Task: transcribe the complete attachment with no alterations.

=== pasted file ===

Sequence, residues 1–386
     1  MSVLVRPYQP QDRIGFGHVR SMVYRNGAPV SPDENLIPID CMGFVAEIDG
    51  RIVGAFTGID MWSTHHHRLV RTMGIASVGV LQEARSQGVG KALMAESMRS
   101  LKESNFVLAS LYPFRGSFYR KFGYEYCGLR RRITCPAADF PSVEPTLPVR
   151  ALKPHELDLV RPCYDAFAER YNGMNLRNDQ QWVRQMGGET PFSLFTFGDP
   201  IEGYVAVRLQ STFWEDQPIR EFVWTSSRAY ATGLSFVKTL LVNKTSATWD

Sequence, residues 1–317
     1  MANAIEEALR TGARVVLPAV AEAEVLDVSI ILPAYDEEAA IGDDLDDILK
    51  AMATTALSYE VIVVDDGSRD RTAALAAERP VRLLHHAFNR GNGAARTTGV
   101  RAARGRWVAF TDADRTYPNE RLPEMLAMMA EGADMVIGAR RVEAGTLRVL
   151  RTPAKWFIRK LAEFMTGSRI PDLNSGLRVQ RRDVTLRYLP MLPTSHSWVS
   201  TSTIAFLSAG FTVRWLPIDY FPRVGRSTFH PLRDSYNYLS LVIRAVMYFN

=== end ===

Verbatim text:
Sequence, residues 1–386
     1  MSVLVRPYQP QDRIGFGHVR SMVYRNGAPV SPDENLIPID CMGFVAEIDG
    51  RIVGAFTGID MWSTHHHRLV RTMGIASVGV LQEARSQGVG KALMAESMRS
   101  LKESNFVLAS LYPFRGSFYR KFGYEYCGLR RRITCPAADF PSVEPTLPVR
   151  ALKPHELDLV RPCYDAFAER YNGMNLRNDQ QWVRQMGGET PFSLFTFGDP
   201  IEGYVAVRLQ STFWEDQPIR EFVWTSSRAY ATGLSFVKTL LVNKTSATWD

Sequence, residues 1–317
     1  MANAIEEALR TGARVVLPAV AEAEVLDVSI ILPAYDEEAA IGDDLDDILK
    51  AMATTALSYE VIVVDDGSRD RTAALAAERP VRLLHHAFNR GNGAARTTGV
   101  RAARGRWVAF TDADRTYPNE RLPEMLAMMA EGADMVIGAR RVEAGTLRVL
   151  RTPAKWFIRK LAEFMTGSRI PDLNSGLRVQ RRDVTLRYLP MLPTSHSWVS
   201  TSTIAFLSAG FTVRWLPIDY FPRVGRSTFH PLRDSYNYLS LVIRAVMYFN